State gets details on needs of homeless
Recent research has taken a snapshot of who uses homeless services across the state, and the information will serve those, in turn, who provide services.
By the numbers
Individuals who used homeless shelter services statewide in 2005:
» Male: 3,279
» Female: 2,380
» Veterans: 467
» Less than high school education: 806
» High school diploma or equivalent: 1,796
» Some college: 793
» College degree or more: 247
» Single or couple with no children: 2,481
Source: Homeless Service Utilization Report: Hawaii 2006
The University of Hawaii's Center on the Family released its "Homeless Service Utilization Report: Hawaii 2006" this month. The information from shelter services, outreach programs and 17 providers in 2005 can now be used by the state in allocating how and where it needs to extend its outreach services, said Sandra Miyoshi, director of the Hawaii Public Housing Authority's homeless programs branch.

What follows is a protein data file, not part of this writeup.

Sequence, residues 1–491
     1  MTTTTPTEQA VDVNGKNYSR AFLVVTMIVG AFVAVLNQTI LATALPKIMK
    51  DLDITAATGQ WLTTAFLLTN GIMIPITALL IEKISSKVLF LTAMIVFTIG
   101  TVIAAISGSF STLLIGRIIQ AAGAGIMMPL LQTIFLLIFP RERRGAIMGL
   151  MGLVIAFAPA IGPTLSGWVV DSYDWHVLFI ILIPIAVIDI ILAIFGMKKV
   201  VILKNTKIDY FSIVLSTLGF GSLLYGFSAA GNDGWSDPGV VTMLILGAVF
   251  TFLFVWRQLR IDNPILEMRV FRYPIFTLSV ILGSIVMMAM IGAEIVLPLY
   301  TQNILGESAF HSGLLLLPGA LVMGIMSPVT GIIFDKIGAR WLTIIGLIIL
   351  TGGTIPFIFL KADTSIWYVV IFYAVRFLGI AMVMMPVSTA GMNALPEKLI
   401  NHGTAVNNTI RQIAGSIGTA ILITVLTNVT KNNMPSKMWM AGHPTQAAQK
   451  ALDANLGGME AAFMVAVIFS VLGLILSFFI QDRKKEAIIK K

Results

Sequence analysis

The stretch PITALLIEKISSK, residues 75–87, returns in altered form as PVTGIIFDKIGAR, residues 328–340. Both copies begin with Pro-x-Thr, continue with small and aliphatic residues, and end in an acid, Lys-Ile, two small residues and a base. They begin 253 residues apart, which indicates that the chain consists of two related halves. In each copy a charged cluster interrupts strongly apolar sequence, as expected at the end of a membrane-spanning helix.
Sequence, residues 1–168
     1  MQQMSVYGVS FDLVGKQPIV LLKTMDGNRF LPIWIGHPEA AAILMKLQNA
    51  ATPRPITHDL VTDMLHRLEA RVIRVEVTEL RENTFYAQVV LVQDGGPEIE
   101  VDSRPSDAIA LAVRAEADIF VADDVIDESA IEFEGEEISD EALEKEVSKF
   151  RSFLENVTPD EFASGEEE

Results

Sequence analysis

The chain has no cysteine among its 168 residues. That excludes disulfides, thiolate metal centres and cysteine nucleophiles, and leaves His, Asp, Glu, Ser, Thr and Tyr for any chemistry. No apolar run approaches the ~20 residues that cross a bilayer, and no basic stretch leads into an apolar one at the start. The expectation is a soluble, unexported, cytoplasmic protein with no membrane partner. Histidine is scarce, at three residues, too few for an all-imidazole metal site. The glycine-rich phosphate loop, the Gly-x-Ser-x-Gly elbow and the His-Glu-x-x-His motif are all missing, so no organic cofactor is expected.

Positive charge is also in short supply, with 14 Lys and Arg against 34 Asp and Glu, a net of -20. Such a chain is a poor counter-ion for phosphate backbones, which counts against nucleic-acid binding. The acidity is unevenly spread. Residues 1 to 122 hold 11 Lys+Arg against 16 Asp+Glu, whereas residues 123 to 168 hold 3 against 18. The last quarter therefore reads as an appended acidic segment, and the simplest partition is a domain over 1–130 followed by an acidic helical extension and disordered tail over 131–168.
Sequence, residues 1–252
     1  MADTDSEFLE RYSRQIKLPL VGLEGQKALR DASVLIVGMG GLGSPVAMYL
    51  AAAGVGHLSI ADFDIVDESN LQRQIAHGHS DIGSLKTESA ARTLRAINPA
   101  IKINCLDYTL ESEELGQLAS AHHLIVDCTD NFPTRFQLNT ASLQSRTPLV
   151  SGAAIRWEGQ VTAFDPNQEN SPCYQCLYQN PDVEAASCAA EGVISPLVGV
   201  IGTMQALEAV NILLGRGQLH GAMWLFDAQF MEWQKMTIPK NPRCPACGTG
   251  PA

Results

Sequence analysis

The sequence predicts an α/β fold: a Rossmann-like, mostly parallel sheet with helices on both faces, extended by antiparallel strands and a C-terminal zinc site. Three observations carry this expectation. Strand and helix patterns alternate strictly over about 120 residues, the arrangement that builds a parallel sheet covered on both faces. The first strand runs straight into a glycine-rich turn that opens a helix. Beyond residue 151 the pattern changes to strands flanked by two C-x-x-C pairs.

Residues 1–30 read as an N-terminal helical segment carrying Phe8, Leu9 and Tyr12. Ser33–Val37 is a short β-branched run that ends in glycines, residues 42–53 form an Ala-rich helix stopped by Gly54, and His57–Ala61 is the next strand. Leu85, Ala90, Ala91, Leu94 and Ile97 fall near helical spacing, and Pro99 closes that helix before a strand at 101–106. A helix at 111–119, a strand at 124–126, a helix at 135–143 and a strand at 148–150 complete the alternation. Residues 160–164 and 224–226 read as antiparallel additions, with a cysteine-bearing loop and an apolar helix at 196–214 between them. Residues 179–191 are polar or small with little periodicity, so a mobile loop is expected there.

"So much of the homeless problem is invisible unless you're personally involved," Miyoshi said. "It's important to have the information available to a variety of audiences in a compact, easily accessible format. That's the first step to getting things done."
Some of the report's highlights:
» More males than females used homeless services.
» Military veterans account for more than 10 percent.
» About 80 percent of adults had at least a high school diploma.
» More than a quarter of adults who received services from emergency or transitional shelters were employed, while 14 percent served by outreach programs were employed.
In all, 5,659 people used homeless services in 2005. About a third of those were under 17.
The report was compiled by Michael Ullman, Marika Ripke, Sylvia Yuen and Sarah Yuan.
The state's homeless programs branch earmarks millions of dollars -- $11 million this year -- for outreach and shelter services across the state, Miyoshi said. The information provided in the UH report will help allocate the money where it is needed.
"It adds information, and information always helps us to develop better policy," she said.
Miyoshi said about 30 provider agencies seek funding from the homeless division. Typically the agency has an annual budget of about $6 million, but legislative support has bolstered funding for start-up shelters.
"We're unique as far as the states go, because most of our program funds drive the outreach and shelter services on the state level, as opposed to the county level," Miyoshi said.